Sam flags down a boat
Let's talk about SAM flags. We'll breeze over some background (skipping details better left to CS majors), filter alignment records via their flag bits using Samtools, and end with how to create a valid BAM containing read pairs or sets where at least one record has the specified flag bit.
SAM flags summarize many properties of reads, represented by flag bits, into a single number. Think of each flag bit as one layer of watercolor paint on a canvas. Each SAM flag is then the distinct chroma resulting from multiple layers of overlapping pigment.
Cats pPuUrR12; Sam flags down a boat
That's the mnemonic I created to memorize the twelve characters in
pPuUrR12sfdb. Typically, I use the Explain flags page on the Picard website to decipher SAM flag values. To do better, I made a summary chart and mnemonic for the twelve SAM flag bits. The chart's rows 1–8 refer to cats purring (
PUR2), and rows 9–12 refer to the title of this blogpost
If you are an American football fan and/or watched the Super Bowl last week, you may know the Carolina Panthers' mascot Sir Purr. Sir Purr's team lost 24:10 and gives us another mnemonic: Sir pPuUrR12 loses Superbowl Fifty to Denver Broncos.
Dive deeper into bits with this exercise
If you're interested, this exercise uses Mac OS's Calculator app. Switch to Calculator's Programmer mode and play around with the features (A–E) I've highlighted in the figure.
In the example in (F), SAM flag
99 displays in binary as
0000 0110 0011. This is read right-to-left, where 0=no and 1=yes, giving us yes values for positions 1, 2, 6 and 7. Using our mnemonic, this translates to
pPR1 or paired, properly paired, mate reverse and read1.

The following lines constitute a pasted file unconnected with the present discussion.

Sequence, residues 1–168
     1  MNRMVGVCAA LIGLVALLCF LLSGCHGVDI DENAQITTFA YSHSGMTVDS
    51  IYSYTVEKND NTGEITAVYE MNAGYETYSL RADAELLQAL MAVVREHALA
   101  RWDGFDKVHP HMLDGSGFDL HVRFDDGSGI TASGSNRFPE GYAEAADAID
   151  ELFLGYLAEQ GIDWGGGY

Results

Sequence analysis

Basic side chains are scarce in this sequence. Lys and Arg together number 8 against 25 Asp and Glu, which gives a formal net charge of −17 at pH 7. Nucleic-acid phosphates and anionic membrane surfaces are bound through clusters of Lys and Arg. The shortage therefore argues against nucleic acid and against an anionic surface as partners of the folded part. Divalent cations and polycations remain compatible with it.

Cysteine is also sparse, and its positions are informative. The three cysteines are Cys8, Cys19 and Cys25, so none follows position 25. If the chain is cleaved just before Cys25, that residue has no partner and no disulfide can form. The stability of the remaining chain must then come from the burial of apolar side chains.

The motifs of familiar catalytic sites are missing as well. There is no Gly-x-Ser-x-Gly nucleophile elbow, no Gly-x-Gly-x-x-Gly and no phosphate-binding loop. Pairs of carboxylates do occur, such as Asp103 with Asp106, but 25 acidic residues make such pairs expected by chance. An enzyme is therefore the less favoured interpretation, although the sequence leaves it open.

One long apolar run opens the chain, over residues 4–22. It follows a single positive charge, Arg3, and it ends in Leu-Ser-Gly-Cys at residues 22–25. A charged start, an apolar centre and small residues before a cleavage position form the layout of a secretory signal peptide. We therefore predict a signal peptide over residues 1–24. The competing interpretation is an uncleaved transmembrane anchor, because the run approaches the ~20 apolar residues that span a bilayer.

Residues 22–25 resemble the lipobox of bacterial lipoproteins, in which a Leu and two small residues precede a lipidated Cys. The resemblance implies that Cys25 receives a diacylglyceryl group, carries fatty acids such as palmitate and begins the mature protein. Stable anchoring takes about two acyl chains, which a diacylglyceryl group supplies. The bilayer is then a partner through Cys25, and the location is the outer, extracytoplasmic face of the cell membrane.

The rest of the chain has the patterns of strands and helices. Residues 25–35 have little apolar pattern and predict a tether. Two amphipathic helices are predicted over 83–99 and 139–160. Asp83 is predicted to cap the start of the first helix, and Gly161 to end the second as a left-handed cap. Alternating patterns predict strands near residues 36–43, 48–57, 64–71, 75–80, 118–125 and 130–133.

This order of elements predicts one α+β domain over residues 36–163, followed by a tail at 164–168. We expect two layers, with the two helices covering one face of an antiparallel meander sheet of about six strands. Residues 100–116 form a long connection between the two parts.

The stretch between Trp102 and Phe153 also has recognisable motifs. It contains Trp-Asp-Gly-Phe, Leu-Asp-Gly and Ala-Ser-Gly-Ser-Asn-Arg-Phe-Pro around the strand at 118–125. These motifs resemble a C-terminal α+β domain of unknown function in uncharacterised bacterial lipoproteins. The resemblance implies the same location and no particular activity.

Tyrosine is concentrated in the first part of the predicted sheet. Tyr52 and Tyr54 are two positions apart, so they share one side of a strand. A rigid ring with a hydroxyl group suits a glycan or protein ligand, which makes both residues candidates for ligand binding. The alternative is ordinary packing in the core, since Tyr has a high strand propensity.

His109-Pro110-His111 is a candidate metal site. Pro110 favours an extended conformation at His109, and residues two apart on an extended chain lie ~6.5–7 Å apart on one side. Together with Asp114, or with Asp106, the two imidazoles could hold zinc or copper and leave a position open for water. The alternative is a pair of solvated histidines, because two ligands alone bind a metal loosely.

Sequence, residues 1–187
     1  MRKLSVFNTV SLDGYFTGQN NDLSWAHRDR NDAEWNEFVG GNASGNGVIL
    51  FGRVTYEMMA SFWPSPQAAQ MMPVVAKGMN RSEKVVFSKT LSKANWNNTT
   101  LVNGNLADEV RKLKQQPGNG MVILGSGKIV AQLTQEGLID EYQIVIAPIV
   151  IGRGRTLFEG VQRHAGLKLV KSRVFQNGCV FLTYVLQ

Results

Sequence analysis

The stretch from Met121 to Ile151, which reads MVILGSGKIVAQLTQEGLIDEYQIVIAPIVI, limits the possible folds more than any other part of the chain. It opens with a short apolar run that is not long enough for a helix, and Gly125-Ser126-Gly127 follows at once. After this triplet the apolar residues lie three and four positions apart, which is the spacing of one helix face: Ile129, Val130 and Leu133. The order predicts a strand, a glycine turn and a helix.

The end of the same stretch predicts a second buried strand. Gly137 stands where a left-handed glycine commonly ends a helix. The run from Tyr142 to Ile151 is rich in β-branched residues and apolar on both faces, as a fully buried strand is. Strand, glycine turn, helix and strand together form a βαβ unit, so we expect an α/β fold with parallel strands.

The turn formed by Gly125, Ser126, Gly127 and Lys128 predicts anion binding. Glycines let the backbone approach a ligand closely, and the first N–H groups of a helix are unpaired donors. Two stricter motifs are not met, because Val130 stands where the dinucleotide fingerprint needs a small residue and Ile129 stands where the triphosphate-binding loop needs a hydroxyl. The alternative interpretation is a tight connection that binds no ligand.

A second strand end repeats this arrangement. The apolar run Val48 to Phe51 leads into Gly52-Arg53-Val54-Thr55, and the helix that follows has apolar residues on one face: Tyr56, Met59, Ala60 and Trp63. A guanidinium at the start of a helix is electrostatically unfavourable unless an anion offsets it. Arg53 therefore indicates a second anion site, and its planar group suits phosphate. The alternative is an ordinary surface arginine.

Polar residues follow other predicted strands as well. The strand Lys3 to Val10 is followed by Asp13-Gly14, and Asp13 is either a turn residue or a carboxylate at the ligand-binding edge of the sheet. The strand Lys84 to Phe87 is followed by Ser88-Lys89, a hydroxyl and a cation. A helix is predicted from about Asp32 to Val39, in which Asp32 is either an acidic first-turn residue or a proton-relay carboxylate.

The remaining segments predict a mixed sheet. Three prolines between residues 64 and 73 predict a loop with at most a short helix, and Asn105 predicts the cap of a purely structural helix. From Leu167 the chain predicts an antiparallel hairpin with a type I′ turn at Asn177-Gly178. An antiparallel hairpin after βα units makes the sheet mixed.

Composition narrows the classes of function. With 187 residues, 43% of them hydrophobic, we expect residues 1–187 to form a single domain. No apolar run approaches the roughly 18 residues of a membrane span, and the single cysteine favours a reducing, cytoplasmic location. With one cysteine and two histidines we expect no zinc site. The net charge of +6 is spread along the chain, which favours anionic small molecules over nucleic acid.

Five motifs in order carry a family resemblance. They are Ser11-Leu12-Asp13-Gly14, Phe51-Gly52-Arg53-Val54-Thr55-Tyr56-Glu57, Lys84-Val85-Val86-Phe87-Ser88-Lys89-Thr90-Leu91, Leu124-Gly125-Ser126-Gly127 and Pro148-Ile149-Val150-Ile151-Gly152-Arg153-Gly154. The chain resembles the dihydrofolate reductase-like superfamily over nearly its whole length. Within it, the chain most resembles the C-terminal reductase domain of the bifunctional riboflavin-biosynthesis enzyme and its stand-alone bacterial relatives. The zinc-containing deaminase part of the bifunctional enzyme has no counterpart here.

If you forget what a particular bit represents, use the
samtools flags command as shown below.
samtools flags 256
0x100 returns the same answer.
0x100 256 SECONDARY
flagstat option gives a useful summary count for the SAM flag categories.
samtools flagstat xyz.bam
The next set of commands either display actual records or return counts
-c of records. Depending on capitalization,
-F either include or exclude records with the specified flag bits, respectively. Listing two flag values, e.g.
-F 2 -f 256, returns records that satisfy both conditions, e.g. not proper pair and secondary.
samtools view -f 0x63 xyz.bam | more #display records with all bits represented by 99 samtools view -c -f 99 xyz.bam #count records with all bits represented by 99 samtools view -c -f 1 -f 2 -f 32 -f 64 xyz.bam #same as above samtools view -c -F 2 xyz.bam #count records that do not have the 2 bit in flag
Subset reads by flag bit into a valid BAM
For transforming BAMs, I stick to using Picard tools for downstream GATK compatibility.
At one point I wanted to visualize in isolation only secondary alignments but in the context of their read sets. To create such a subsetted BAM, I used three commands. The first uses the
256 SAM flag to extract the read names, the second sorts reads by queryname, and the third command uses FilterSamReads and the list of read names to generate a valid BAM containing our reads of interest.
# Generate a list of unique read names of secondary alignments samtools view -f 256 xyz.bam | cut -f1 | sort | uniq > xyz_f256.txt # Queryname sort the input BAM java -jar picard.jar SortSam INPUT=xyz.bam OUTPUT=xyz_querynamesort.bam SORT_ORDER=queryname # Create a new BAM containing read sets java -jar picard.jar FilterSamReads INPUT=xyz_querynamesort.bam OUTPUT=xyz_f256.bam \ FILTER=includeReadList READ_LIST_FILE=xyz_f256.txt SORT_ORDER=coordinate CREATE_INDEX=true TMP_DIR=/tmp
Since forward and reverse reads in a pair and multiple alignments for a given read are all identically named in the BAM, the list of read names pulls out the alignment set for a given read name. You can also set the
FILTER parameter to
Nautical flags at top spell SAM FLAGS. If I've gone overboard with sailing references, je m'excuse. I've had a great year racing solings.